When these things were all in place, the priests regularly entered the first room as they performed their religious duties. But only the high priest ever entered the Most Holy Place, and only once a year. And he always offered blood for his own sins and for the sins the people had committed in ignorance. By these regulations the Holy Spirit revealed that the entrance to the Most Holy Place was not freely open as long as the Tabernacle and the system it represented were still in use.

This is an illustration pointing to the present time. For the gifts and sacrifices that the priests offer are not able to cleanse the consciences of the people who bring them. For that old system deals only with food and drink and various cleansing ceremonies—physical regulations that were in effect only until a better system could be established.

So Christ has now become the High Priest over all the good things that have come. He has entered that greater, more perfect Tabernacle in heaven, which was not made by human hands and is not part of this created world. With His own blood—not the blood of goats and calves—He entered the Most Holy Place once for all time and secured our redemption forever.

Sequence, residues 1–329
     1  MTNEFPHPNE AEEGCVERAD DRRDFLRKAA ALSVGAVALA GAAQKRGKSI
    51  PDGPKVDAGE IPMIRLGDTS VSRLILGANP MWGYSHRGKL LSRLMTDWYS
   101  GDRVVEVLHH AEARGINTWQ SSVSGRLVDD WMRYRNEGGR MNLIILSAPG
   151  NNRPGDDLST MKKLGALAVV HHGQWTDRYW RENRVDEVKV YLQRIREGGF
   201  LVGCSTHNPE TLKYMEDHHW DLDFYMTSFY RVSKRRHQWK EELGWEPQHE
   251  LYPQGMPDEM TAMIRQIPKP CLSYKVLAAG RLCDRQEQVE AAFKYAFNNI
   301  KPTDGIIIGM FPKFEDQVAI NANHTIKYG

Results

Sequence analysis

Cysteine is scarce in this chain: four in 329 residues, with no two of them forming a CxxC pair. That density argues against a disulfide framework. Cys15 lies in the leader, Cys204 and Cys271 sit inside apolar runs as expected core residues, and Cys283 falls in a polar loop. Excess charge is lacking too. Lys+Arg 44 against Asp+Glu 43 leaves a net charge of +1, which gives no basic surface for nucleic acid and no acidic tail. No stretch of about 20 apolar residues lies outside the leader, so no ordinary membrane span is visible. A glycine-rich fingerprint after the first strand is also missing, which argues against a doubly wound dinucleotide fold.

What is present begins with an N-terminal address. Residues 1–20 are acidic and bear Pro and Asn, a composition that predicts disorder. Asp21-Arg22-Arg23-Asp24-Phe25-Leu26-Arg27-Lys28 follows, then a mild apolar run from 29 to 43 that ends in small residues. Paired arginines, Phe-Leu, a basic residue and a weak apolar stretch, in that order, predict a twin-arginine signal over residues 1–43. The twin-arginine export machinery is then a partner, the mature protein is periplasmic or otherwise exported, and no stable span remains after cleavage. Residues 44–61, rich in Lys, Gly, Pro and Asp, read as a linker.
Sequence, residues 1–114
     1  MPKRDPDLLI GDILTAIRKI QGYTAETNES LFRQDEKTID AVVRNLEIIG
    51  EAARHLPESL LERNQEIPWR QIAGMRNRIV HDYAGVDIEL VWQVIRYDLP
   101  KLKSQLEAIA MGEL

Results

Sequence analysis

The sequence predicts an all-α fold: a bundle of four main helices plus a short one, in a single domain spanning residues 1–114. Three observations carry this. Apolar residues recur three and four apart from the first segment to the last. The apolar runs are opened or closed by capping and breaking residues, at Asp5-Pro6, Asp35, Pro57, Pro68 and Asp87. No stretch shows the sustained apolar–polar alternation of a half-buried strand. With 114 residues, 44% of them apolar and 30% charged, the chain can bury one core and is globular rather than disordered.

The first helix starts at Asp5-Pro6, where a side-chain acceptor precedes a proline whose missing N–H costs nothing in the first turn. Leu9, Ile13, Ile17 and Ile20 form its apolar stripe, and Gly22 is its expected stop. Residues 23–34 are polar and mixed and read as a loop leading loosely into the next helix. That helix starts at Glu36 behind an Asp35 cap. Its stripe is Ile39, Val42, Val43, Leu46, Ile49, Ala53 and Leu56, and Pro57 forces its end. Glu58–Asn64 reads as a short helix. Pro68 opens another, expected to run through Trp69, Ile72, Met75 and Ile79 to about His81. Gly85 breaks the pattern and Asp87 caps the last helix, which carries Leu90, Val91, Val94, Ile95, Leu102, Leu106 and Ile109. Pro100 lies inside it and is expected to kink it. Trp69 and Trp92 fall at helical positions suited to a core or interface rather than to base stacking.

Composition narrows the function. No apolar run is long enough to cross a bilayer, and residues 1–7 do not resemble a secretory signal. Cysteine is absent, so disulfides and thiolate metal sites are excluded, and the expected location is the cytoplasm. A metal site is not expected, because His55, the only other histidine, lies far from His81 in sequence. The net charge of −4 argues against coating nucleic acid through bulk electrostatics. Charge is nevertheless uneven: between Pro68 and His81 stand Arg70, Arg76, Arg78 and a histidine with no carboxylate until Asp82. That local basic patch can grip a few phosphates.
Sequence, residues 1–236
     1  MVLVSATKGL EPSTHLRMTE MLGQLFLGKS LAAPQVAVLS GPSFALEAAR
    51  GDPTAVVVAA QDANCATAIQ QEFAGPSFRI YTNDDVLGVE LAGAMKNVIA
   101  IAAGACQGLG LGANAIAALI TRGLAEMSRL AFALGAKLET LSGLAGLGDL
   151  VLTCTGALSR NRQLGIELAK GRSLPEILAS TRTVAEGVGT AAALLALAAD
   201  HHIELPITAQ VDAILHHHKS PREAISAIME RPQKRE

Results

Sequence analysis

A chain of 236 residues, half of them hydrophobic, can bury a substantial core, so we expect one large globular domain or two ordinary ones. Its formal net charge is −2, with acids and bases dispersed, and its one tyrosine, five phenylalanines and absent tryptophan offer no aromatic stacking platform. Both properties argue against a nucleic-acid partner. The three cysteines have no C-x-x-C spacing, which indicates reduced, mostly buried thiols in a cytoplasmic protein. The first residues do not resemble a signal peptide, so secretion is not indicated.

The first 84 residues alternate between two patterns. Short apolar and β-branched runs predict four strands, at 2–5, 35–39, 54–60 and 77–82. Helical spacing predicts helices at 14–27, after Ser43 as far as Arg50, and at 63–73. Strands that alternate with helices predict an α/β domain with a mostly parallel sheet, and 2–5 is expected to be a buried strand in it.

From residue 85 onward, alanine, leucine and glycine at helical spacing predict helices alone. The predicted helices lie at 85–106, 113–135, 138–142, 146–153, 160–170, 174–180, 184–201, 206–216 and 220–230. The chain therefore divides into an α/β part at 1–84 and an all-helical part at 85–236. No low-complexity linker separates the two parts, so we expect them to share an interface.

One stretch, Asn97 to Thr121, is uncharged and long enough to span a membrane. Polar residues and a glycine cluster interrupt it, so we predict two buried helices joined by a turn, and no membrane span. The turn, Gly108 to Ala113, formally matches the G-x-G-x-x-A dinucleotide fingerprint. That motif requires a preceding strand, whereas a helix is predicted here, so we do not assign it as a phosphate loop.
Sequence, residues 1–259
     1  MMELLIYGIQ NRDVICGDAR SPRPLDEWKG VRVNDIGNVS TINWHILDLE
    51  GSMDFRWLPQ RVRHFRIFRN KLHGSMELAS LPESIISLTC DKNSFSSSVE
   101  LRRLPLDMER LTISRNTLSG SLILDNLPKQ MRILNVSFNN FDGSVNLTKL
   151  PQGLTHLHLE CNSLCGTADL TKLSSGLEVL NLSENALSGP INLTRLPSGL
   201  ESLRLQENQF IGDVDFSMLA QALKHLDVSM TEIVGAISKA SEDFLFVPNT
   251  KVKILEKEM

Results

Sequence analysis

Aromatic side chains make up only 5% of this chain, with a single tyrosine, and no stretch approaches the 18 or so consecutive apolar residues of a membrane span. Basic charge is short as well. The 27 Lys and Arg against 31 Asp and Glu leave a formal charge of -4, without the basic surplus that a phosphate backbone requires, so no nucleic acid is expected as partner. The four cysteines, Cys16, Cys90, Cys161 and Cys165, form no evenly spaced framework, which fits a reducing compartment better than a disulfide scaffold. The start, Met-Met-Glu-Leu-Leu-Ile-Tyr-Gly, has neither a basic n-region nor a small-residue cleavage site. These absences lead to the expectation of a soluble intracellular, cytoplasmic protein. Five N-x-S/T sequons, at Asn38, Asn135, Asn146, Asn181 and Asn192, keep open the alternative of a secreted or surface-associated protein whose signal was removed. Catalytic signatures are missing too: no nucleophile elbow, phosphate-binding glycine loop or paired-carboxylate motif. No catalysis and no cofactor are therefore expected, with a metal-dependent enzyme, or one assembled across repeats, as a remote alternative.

Under the old system, the blood of goats and bulls and the ashes of a heifer could cleanse people’s bodies from ceremonial impurity. Just think how much more the blood of Christ will purify our consciences from sinful deeds so that we can worship the living God. For by the power of the eternal Spirit, Christ offered Himself to God as a perfect sacrifice for our sins.

Hebrews 9:1-14